Query that returns pairs of users who have borrowed the same number of books each year

Hi everyone. So I have this table

CREATE TABLE Borrow ( RequestID CHAR(5), BookCode CHAR(5), User VARCHAR2(200), Date DATE, BorrowDeadline DATE, ReturnDate DATE, -- It can be NULL if the book is still not returned ReminderDate DATE, -- It can be NULL if the deadline is still not expired ) 

which represents the borrows system of a library. I want a query which returns pairs of users who hava borrowed the same number of books each year; this means that if two user are matched, they always took the same number of books.

I’ve tried this query:

SELECT DISTINCT User1, User2 FROM ((SELECT User AS User1, YEAR(Date) AS Year, COUNT(RequestID) AS BorrowsNumber FROM Borrow AS B GROUP BY User) AS R0 INNER JOIN (SELECT User AS User2, YEAR(Date) AS Year, COUNT(RequestID) AS BorrowsNumber FROM Borrow AS B GROUP BY User) R1 ON R0.User1 != R1.User2 AND R0.Year = R1.Year AND R0.BorrowsNumber = R1.BorrowNumbers); 

My idea was to join the table with itself to get the pairs using the condition of R0.User1 != R1.User2 to avoid the obvious ‘user-sameuser’ pair and the conditions R0.Year = R1.Year AND R0.BorrowsNumber = R1.BorrowNumbers to get the same numbers of book in the same year. This partially works because if I have this sample table:

RequestID BookCode User Date BorrowDate ReturnDate ReminderDate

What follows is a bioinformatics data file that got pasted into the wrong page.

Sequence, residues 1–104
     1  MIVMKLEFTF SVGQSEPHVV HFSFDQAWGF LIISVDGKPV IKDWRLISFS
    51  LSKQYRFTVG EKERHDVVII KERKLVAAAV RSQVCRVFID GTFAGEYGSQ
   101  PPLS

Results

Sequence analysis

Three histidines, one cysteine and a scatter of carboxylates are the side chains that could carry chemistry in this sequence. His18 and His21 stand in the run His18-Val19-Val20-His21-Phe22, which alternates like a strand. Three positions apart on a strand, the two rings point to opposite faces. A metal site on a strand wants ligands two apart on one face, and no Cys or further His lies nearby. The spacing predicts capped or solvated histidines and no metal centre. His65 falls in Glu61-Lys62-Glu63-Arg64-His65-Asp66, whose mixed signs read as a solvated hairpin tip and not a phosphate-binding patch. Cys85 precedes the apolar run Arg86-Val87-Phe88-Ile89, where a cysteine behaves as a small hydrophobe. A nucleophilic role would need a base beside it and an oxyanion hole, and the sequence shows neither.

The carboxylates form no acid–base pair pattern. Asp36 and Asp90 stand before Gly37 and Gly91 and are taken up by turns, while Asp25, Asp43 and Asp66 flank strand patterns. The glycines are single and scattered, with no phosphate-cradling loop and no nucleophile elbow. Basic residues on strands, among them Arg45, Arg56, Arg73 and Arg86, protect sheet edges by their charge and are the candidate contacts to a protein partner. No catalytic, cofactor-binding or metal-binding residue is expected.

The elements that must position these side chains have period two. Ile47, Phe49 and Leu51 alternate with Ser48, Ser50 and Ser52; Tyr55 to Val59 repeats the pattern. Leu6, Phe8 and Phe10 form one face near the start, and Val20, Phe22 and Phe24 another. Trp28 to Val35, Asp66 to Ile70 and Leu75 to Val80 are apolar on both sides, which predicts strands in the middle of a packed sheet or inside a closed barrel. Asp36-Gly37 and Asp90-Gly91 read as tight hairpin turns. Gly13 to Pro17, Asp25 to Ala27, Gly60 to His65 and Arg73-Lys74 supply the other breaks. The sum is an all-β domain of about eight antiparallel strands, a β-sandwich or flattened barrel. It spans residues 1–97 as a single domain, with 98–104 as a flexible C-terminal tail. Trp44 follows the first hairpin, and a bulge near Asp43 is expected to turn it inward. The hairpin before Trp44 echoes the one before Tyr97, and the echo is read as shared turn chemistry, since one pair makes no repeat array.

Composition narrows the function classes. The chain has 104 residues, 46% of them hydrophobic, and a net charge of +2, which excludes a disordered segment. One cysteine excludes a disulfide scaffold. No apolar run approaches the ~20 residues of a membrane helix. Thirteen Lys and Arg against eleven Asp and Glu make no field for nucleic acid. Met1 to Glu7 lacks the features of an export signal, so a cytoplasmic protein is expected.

A0034 24012 AUser 2020-12-12 2021-01-31 NULL NULL
F1562 91283 AnotherUser 2020-10-03 2020-11-25 NULL NULL

The INNER JOIN would return this:

User1 User2 Year BorrowsNumber
AUser AnotherUser 2020 1
AnotherUser AUser 2020 1

The second row annoys me a little bit but nevermind, it is okay after all.

Now let’s say I add 2 more rows to the sample table:

RequestID BookCode User Date BorrowDate ReturnDate ReminderDate
A0034 24012 AUser 2020-12-12 2021-01-31 NULL NULL
F1562 91283 AnotherUser 2020-10-03 2020-11-25 NULL NULL
E1234 57839 AnotherUser 2021-01-02 2021-02-28 NULL NULL
T2839 78291 ANewUser 2021-02-14 2021-04-01 NULL NULL

Then the query returns me:

User1 User2 Year BorrowsNumber
AUser AnotherUser 2020 1
AnotherUser AUser 2020 1
AnotherUser ANewUser 2021 1
ANewUser AnotherUser 2021 1

which is wrong because the couple [AUser – AnotherUser]/[AnotherUser – AUser] should not be in the table due user ‘AUser’ never got 1 book in 2021. Can somebody help? I have read the rules which would me to add a flair to this post, depending which DBMS I’m using. The thing is that I’m not using a DBMS but a sort of ‘pure’ SQL. It’s just an exercise from my book but no DBMS is specified. But because the book often releates to Oracle I’ll put the Oracle flair. Just in case. Thanks everybody in advance!

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